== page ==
Many widely used phrases and bromides—including “mother nature” and “living in harmony with nature”—imply that nature is a benevolent and loving place. Yet natural disasters, such as the recent California Springs fire, show that nature can be lethal and that we need the products of industrial civilization to protect ourselves from its dangers.
Tragically, this particular fire damaged fifteen homes and injured eight firefighters. Had area residents not been blessed with the fruits of industry the damage would have been far worse.
Imagine organizing and implementing an evacuation without televisions, Internet connections, telephones, radios. Imagine fleeing the area on foot with what you could carry in your hands, as “mother nature” intended, rather than by automobile with your precious possessions piled in the seats and trunk. Imagine seeing the fire approach a house made of “natural” logs and shingles rather than man-made fire-retardant siding and roofing. Imagine clearing away brush and grass by hand rather than by means of gasoline powered tools and tractors.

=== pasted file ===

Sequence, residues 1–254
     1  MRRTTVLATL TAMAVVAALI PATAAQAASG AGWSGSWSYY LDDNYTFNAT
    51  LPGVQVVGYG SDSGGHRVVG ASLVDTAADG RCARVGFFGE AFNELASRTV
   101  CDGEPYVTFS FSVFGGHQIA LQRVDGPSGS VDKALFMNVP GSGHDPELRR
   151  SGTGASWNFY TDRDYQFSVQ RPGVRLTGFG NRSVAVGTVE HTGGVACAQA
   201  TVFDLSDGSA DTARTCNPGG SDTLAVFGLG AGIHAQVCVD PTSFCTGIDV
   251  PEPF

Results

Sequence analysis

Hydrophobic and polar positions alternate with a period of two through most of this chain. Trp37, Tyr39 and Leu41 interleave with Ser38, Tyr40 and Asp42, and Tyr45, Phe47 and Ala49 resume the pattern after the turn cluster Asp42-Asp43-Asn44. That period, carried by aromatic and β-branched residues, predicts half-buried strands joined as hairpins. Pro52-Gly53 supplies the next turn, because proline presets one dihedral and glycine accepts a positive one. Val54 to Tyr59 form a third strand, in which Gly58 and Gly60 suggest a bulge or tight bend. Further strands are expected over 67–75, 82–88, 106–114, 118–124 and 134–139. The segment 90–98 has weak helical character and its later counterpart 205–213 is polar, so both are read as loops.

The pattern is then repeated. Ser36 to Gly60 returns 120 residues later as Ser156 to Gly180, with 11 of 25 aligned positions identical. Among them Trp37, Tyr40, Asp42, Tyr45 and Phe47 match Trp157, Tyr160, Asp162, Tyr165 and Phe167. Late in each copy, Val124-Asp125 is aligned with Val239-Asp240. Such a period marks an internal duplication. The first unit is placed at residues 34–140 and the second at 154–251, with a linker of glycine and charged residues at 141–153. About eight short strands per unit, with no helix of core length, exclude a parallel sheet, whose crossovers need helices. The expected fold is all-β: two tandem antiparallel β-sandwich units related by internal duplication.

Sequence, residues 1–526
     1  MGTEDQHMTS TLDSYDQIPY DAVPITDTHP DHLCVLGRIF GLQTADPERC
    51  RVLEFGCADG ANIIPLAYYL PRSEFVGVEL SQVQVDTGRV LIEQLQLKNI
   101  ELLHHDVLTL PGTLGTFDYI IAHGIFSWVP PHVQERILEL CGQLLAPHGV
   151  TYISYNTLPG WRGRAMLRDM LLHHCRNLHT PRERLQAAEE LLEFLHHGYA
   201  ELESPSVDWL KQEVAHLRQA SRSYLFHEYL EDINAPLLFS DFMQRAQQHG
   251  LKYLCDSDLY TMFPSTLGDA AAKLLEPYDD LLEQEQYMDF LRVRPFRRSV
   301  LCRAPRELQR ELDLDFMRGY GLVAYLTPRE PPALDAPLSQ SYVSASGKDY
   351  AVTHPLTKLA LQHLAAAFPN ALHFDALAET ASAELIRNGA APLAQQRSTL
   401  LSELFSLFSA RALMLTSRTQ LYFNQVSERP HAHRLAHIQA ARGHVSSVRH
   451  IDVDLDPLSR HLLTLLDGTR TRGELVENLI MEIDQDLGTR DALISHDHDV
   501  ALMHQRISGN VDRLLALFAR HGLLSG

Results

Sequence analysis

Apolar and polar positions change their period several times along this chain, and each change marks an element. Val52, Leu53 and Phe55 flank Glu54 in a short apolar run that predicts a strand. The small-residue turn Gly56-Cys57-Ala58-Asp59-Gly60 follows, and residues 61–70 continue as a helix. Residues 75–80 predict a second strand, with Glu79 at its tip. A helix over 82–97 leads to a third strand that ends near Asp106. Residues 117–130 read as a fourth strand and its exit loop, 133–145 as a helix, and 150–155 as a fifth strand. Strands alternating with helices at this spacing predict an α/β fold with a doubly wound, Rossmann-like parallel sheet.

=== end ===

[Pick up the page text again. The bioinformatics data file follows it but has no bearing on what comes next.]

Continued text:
Untouched nature does not give us this technology; men and women who produce and run modern mass-production industrial facilities do.
“Nature” does not act like a loving mother. It acts like nature. At best, it leaves people naked, cold, hungry, and vulnerable; at worst it kills people with utter indifference.
Natural disasters, such as the California Springs fire, remind us that we should thank our real guardians: the men and women of industry and science.
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Image: Wikimedia Commons